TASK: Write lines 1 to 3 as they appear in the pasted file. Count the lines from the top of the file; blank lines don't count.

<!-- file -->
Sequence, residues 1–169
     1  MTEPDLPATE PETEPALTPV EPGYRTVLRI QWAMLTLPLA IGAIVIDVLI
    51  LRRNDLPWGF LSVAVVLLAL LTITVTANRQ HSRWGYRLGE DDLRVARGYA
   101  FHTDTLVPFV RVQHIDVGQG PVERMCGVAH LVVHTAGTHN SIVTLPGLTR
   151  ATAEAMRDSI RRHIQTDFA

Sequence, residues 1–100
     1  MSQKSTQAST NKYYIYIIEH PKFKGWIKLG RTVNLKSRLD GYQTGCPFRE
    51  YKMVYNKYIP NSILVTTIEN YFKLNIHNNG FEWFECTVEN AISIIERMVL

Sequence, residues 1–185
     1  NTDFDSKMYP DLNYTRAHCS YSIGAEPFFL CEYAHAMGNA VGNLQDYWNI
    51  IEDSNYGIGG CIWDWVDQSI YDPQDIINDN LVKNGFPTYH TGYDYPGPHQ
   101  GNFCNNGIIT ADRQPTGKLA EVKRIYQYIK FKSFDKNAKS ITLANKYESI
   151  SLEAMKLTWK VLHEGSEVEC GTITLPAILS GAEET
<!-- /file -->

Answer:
Sequence, residues 1–169
     1  MTEPDLPATE PETEPALTPV EPGYRTVLRI QWAMLTLPLA IGAIVIDVLI
    51  LRRNDLPWGF LSVAVVLLAL LTITVTANRQ HSRWGYRLGE DDLRVARGYA